The best way to look after a DPF is to always use Premium Diesel. I’m not one of these die-hards who constantly promotes Premium Fuel over Supermarket Fuel because the standard of the base fuel used in both is exactly the same and has to meet the same EN Standards, however premium fuels do carry additional additives and detergents which reduce soot and will probably ultimately achieve the same as the CDTI additive which I mentioned above, but more cheaply. Supermarket Premium fuel would also be a reasonable compromise if fuel cost was a factor.

      Take a motorway journey at least every few hundred miles, and once the engine has warmed up keep the revs up at around 2800 – 3000 rpm continuously for 15 minutes or so, and this should trigger perfect running conditions for a regen to take place. Also do an interim oil and filter change every 7000 miles, and always use the correct grade of Low SAPS oil for the engine.

      Ideally if you do less than 12k miles a year, or spend more than an average amount of time in traffic queues or city driving, then you really should consider a petrol. However if you do a reasonable amount of motorway speed driving, and adhere religiously to the advice above then you should be OK, even without using expensive additives. A lot of people don’t like the idea of running their lifestyle around their cars, and making needless journeys just for the ‘green’ parts to service themselves soon gets overlooked, however if you don’t normally take long trips or drive on dual carriageways / motorways then it does begin to become something of a pain, driving up and down the motorway in order to keep your car trouble-free and some people just don’t bother, and that is generally when the problems begin to surface as the car never gets the ideal running conditions required to automatically regenerate and clean out the DPF.

      There is another equally important factor when buying a second hand car with a DPF, and that is in relation to the driving style and use of the previous owner(s). In years gone by it was something of a bonus to find a 8 – 10 year old Diesel car with a low mileage as it would normally indicate less risk of wear and tear issues and be something of a bargain, these days the opposite applies on a DPF equipped diesel, as lower than average miles will probably indicate a life of short journeys and infrequent use which may mean the DPF will probably be on the way to being blocked and will probably give problems eventually.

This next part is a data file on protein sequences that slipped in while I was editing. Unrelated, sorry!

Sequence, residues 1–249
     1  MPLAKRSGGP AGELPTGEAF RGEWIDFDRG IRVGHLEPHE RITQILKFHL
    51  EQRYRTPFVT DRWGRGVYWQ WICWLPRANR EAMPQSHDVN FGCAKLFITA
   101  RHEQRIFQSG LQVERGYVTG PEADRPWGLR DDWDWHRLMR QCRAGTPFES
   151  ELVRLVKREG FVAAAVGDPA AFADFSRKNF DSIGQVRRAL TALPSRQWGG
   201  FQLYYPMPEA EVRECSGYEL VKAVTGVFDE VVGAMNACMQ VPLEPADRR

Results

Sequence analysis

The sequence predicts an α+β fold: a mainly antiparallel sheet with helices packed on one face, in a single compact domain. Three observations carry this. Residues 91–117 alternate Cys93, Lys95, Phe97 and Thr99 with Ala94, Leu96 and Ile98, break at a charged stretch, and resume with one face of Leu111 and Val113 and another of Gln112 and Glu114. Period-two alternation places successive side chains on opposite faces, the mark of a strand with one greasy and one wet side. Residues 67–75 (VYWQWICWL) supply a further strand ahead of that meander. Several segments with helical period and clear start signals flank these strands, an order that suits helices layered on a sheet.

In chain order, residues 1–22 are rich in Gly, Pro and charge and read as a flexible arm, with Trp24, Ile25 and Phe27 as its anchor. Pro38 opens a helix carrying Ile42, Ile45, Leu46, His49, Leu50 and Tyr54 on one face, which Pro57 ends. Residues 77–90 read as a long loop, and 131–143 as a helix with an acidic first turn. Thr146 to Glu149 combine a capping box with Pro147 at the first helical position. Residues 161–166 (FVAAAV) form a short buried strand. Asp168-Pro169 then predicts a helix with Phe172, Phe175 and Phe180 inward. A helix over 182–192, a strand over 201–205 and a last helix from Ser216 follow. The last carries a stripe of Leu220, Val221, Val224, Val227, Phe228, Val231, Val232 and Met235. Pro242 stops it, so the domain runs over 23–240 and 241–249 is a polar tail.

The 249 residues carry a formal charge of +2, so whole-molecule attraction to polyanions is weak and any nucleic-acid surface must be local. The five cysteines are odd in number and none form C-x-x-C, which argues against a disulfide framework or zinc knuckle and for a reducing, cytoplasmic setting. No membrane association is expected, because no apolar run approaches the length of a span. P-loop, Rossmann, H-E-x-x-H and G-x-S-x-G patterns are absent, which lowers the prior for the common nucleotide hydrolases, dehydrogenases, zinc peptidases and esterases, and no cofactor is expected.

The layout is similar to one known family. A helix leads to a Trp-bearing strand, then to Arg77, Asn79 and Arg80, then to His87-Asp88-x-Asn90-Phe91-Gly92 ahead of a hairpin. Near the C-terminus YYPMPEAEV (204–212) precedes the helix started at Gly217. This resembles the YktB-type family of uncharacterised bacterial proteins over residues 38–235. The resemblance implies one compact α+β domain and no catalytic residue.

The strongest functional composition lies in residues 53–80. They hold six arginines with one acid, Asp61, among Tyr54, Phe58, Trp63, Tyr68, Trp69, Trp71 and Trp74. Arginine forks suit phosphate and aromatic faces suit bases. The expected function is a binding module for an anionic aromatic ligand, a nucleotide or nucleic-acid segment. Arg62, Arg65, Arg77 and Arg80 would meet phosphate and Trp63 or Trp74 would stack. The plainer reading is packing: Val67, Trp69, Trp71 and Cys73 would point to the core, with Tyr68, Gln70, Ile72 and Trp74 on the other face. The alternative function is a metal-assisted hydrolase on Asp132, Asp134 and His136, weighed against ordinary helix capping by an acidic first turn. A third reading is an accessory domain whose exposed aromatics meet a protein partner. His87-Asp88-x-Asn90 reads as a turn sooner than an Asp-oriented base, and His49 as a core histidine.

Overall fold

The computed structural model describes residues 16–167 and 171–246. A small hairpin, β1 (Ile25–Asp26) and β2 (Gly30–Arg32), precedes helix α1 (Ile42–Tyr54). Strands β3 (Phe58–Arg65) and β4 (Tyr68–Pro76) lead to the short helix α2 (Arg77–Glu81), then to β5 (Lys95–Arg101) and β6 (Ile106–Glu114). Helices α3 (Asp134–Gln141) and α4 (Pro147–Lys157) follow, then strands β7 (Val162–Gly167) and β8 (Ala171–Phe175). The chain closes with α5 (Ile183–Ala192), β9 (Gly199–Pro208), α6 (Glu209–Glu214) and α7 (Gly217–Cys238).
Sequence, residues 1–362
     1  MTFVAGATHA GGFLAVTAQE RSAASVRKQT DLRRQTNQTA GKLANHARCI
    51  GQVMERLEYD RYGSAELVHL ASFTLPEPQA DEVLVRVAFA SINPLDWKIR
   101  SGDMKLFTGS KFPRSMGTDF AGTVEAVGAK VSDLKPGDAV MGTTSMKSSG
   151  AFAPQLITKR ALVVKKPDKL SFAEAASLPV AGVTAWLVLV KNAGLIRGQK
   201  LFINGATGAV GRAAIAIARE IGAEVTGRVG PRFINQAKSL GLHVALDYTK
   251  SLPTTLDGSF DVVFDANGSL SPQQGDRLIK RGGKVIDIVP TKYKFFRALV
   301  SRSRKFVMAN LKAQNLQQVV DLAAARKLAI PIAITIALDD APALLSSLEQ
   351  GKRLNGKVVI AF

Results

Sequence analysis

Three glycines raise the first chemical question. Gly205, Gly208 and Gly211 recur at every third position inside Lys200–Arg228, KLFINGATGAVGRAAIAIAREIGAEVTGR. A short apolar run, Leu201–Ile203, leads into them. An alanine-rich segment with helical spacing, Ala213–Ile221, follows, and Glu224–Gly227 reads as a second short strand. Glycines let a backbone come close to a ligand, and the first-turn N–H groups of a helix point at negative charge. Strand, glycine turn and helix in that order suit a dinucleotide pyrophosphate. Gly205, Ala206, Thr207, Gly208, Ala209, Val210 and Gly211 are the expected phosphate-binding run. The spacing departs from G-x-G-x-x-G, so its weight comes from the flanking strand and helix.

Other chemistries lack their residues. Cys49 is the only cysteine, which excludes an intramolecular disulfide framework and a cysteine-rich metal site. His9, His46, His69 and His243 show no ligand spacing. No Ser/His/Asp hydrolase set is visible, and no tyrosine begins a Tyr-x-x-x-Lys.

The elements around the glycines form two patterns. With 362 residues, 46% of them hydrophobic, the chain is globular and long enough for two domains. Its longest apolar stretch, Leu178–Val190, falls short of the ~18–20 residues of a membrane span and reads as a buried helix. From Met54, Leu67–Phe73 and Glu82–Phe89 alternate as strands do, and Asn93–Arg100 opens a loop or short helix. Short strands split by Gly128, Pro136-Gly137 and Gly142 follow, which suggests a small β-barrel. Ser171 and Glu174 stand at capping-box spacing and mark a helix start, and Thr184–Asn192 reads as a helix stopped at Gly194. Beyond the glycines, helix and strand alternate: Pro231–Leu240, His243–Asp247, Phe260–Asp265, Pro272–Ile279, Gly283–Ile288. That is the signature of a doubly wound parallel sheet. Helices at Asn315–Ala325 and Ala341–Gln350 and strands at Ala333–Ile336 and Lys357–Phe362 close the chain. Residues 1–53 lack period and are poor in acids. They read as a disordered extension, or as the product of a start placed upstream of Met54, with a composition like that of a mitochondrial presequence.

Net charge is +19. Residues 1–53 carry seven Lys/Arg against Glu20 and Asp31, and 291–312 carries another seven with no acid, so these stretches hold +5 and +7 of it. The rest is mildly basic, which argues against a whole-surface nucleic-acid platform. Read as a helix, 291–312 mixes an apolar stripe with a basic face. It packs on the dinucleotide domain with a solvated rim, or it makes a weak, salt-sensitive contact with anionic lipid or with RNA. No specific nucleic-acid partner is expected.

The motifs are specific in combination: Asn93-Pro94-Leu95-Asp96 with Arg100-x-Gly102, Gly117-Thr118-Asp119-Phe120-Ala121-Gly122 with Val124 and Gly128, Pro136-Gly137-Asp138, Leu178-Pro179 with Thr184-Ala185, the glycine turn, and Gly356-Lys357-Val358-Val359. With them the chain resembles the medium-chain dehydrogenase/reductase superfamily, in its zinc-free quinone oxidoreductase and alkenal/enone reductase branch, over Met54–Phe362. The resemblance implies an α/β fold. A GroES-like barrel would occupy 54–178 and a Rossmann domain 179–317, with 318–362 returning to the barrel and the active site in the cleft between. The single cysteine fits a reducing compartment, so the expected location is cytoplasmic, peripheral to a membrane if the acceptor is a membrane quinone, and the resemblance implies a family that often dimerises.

Equally, DPF’s are classed as consumables and have a limited service life of between 90k – 120k miles, so average miles on a car of this age may indicate that the DPF will need replacing through it reaching the end of its service life and being largely blocked with ash. It is possible to get the DPF removed and professionally cleaned by a specialist company for about £400, so I would certainly use that in relation to negotiating the price of the car, given its age and the higher than average risk of the DPF needing cleaning.

      The DPF Additive I mentioned above can be purchased on the following link, but personally I would just stick to Premium Quality Diesel.

      https://www.ebay.co.uk/itm/CDTI-Platinum-Plus-DFX-DPF-Standard-1litre-LEZ-Catalyst-Exhaust-Fluid-Additive/162756029847

  10. Viorel Besman says:

    Hi! Do you know if a renault laguna 2007-2008 has a dpf filter, please?! Thank you

    • admin says:

      Hi

      The 1.5DCI engine didn’t get the DPF until around 2009. The 2.0DCI had them from 2006/7, so an early 1.5 engine is probably your best bet.

      In French Cars the DPF is known as FAP, and often forms part of the cars model number, e.g 2.0DCI 150PS FAP